But Austin and his brother and three sisters always praised their mother’s looks.

“My children said I was beautiful,” Sumareh says.

They protested when she told them she was getting gastric-bypass surgery

They said, ‘Why mom? You’re fine just the way you are,’” Sumareh recalls. “But then they saw the weight come off, and said, ‘Mom you look skinny.’ But then they saw I had more energy.”

Aside from more energy, gastric-bypass has cured Sumareh’s diabetes and lowered her blood pressure and cholesterol.

Relieving medical problems and improving life expectancy is the point of gastric-bypass and lap-band surgery, the other type of weight-loss surgery offered at Valley Medical Center.

Gastric bypass is more invasive than lap-band surgery, but allows for more weight loss — up to 70 to 75 percent of excess weight, compared to lap band’s 50 to 60 percent.

In gastric bypass, the stomach is divided into two parts: the upper the size of a ping-pong ball and the lower the size of a Nerf football. A segment of small intestine is attached to the upper pouch, which allows food to bypass most of the stomach, reducing the amount of food that can be eaten.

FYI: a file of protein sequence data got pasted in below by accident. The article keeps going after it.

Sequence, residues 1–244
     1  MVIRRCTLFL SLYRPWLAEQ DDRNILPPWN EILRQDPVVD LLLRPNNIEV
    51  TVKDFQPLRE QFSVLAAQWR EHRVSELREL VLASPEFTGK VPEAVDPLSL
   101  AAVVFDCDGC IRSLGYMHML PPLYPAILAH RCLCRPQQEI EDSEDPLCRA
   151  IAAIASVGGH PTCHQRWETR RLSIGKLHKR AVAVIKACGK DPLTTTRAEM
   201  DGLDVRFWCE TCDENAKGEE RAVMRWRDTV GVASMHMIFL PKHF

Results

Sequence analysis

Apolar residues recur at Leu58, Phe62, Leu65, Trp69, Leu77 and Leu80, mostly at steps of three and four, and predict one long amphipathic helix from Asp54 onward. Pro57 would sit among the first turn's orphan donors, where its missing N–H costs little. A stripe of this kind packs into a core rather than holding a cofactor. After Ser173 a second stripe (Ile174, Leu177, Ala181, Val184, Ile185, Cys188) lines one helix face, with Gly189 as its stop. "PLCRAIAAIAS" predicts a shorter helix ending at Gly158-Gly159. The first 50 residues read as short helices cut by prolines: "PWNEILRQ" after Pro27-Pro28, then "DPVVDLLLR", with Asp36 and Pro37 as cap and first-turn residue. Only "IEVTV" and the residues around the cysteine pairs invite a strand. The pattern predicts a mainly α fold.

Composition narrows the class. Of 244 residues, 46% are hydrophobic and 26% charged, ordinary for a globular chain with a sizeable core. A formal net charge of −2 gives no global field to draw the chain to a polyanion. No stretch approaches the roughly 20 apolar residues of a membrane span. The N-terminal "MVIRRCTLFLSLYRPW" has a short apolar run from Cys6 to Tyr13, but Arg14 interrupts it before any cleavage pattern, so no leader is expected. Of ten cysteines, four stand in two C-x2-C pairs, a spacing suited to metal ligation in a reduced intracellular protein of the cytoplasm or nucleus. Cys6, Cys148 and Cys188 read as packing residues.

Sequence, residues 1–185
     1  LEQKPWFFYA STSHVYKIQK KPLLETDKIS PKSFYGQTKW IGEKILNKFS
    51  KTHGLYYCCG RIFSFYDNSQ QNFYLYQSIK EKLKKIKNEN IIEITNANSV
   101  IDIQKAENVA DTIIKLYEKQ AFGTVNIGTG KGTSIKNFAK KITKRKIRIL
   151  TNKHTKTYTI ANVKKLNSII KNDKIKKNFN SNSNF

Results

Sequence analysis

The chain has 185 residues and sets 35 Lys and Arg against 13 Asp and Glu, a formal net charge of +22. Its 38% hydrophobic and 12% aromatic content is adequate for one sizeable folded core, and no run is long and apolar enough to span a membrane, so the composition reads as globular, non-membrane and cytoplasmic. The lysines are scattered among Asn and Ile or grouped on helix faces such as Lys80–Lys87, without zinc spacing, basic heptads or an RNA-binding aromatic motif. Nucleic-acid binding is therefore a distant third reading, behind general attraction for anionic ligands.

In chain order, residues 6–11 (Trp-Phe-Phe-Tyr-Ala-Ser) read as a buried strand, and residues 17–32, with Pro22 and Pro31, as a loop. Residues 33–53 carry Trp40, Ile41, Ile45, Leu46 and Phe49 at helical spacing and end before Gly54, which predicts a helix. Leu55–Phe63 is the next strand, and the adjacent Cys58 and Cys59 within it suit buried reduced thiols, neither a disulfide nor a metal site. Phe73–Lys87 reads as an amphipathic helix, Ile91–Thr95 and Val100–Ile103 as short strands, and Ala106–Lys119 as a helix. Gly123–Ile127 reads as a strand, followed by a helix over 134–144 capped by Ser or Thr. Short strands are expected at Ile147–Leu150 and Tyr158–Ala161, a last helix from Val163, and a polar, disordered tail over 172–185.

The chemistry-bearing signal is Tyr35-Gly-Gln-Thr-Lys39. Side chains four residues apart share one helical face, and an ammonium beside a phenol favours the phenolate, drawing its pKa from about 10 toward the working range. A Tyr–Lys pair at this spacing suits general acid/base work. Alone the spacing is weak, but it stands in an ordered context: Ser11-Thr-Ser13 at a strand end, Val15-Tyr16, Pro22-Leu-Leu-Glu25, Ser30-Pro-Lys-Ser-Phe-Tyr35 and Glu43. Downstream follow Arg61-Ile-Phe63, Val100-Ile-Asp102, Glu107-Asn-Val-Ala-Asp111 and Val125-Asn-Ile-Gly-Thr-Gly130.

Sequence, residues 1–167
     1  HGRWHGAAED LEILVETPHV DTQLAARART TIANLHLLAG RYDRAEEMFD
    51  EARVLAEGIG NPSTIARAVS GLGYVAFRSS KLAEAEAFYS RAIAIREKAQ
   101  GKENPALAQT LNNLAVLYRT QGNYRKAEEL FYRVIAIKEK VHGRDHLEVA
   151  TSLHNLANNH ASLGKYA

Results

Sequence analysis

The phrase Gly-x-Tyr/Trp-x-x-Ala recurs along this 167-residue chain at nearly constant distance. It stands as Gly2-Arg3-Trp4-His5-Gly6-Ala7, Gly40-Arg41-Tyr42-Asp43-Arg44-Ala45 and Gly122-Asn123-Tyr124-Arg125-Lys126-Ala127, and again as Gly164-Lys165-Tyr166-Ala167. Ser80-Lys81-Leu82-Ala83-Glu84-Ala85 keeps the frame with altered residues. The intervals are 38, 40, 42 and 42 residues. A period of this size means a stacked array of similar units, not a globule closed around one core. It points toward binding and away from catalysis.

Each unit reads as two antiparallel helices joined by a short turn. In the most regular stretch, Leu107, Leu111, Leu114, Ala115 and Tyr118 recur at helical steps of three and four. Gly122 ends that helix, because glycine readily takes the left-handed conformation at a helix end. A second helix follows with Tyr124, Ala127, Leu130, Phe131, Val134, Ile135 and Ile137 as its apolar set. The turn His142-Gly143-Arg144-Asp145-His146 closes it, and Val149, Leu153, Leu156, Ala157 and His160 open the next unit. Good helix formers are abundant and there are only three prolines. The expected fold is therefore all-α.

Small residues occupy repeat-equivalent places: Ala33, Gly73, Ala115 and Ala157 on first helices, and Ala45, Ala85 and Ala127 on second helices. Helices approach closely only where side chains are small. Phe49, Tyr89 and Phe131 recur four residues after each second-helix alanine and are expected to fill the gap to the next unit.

In lap-band surgery, an inflatable ring is stretched around the upper part of the stomach, creating a small pouch that controls the flow of food. The ring can be adjusted to shrink or expand the size of the pouch.

Both surgeries are intended as “last resort” weight-loss methods.

Gastric bypass was Sumareh’s last resort.

“I think I’ve been overweight pretty much all my life,” she says. “As my mom said, I came out big.”

Her weight started going up and down in her 20s, and the weight stayed after she had her first child, Dylen, 13. Diets didn’t work.

“It was a rollercoaster, up and down,” she says. “I lost weight, and then it would come back. It was just a rollercoaster.”

Juggling five children, early childhood education classes and a job as an assistant director at a Seattle daycare center made keeping track of meals difficult.

“The reason I gained weight is I didn’t eat properly,” she says. “I would skip meals. Sometimes I didn’t eat.”